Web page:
Open Theism proposes a reworking and reframing of our understanding of God as a principal theological enterprise. This is crucial because the main task of theology is that of thinking about God. There are at least two recurrent motives under which we postpone, and even overlook, the possibility of reshaping our understanding of God. First, because it’s certainly not the easiest of human endeavours. When we try to know God better, we’re immediately confronted with the complexity of cross-correlated issues involving, on one side, God and the mystery that surrounds His Being and Actions, and on the other side the insurmountable limits of human understanding. Second, because we often conclude that complication in our spiritual journey can’t be attributed to God or the image we have of Him, it must instead be linked to our human limitations.  

The logical conclusion then, of all this reasoning, is that we humans are certainly the problem, not God. Consequently the “Anthropology of God”, not “Theology of God”, needs to be assessed, corrected and refined. Concerning God, it’s supposedly true that all is settled forever – particularly if we think our ideas on Him are based in the Bible. And precisely because he is a Bible-based God, then once we get him “right”, that understanding will always be right. But in this rapid and superficial conclusion there are two hidden, flawed presuppositions. First, the pretension to have correctly understood the whole Bible. Second, the firm conviction that the Bible tells us everything about God. On one hand we put ourselves above the Bible and on the other hand we place the Bible above God himself. These are two typical protestant impairments and risks. For this reason, today’s Protestant “Pragmatic-Reductive Bibliocentrism” and its implicit correlate “Religious-Efficient Anthropocentrism”, are two primary mechanisms which often prevent Adventists from updating the understanding and image we have of God.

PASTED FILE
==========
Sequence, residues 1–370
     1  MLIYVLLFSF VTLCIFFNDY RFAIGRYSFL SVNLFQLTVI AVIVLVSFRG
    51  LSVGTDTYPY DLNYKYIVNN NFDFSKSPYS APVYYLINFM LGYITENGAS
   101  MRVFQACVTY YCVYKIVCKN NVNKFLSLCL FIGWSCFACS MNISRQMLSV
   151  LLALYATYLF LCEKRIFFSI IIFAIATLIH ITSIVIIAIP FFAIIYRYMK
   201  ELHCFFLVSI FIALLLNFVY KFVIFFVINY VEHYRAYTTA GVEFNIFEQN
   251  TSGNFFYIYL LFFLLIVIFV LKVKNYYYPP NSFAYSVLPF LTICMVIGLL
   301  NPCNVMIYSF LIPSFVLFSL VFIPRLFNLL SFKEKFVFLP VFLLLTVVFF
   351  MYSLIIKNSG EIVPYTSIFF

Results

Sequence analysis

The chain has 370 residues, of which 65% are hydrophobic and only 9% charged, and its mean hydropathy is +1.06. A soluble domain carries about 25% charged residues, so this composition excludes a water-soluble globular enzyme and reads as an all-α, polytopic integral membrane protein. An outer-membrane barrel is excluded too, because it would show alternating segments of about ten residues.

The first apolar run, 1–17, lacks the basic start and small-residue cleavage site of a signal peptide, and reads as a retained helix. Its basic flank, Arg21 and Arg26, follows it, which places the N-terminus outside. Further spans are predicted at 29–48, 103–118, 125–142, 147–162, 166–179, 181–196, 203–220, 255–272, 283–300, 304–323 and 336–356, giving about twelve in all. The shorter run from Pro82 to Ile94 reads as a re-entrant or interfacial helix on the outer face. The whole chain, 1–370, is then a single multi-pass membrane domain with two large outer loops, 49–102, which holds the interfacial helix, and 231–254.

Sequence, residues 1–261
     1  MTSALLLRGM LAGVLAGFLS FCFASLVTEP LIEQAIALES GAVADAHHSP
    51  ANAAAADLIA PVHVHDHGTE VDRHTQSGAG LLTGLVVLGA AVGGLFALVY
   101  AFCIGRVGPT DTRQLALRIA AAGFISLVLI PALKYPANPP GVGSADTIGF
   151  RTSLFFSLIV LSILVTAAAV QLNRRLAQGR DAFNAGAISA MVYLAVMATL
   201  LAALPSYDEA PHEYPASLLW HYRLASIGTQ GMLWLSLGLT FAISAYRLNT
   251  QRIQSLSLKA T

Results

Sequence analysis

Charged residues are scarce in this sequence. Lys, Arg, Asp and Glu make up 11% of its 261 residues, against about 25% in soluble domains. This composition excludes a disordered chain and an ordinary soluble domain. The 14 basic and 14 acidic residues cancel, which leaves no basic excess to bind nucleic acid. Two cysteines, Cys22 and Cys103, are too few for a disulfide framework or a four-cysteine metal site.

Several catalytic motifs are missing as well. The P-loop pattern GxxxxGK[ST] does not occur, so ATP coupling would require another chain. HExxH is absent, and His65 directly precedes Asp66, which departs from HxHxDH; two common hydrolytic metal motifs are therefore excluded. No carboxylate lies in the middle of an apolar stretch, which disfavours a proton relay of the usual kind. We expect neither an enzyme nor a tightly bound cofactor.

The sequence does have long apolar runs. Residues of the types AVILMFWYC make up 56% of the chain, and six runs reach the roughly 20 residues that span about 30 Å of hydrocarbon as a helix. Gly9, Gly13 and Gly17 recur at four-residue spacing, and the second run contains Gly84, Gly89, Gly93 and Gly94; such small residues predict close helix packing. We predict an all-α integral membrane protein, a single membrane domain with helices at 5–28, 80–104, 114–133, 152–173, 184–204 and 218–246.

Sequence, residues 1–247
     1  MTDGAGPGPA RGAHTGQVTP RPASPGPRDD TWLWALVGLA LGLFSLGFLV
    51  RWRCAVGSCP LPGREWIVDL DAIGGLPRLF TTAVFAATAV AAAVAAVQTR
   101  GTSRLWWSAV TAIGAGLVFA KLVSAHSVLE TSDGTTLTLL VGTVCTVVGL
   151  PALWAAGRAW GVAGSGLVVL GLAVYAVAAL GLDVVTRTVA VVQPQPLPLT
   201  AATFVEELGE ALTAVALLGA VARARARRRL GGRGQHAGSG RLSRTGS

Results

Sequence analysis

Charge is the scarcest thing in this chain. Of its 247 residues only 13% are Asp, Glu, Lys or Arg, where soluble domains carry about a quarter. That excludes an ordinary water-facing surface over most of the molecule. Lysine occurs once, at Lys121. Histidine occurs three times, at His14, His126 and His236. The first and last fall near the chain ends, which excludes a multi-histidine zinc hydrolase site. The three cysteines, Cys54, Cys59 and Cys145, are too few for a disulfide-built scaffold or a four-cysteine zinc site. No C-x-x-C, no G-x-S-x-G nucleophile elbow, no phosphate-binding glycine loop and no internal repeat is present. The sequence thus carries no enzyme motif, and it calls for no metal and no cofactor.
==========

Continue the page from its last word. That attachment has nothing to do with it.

I’ll briefly mention three main contributions Rice makes to Adventism: a biblical, a theological and a cultural one.  

First, Open Theism better describes what the Bible suggests is the type of relation that exists between God and humanity. In the biblical motif of the “covenant” we find this personal interaction where God is actor of his own free actions but also the loving receptor of human free initiatives.

Second, Open Theism assumes that the main theological task is that of thinking about God. In a more general sense, everything concerning the meaning and goal of humanity, the church and the religious experience is theology. But in a more precise way there is theology only when we specifically tackle the question of God.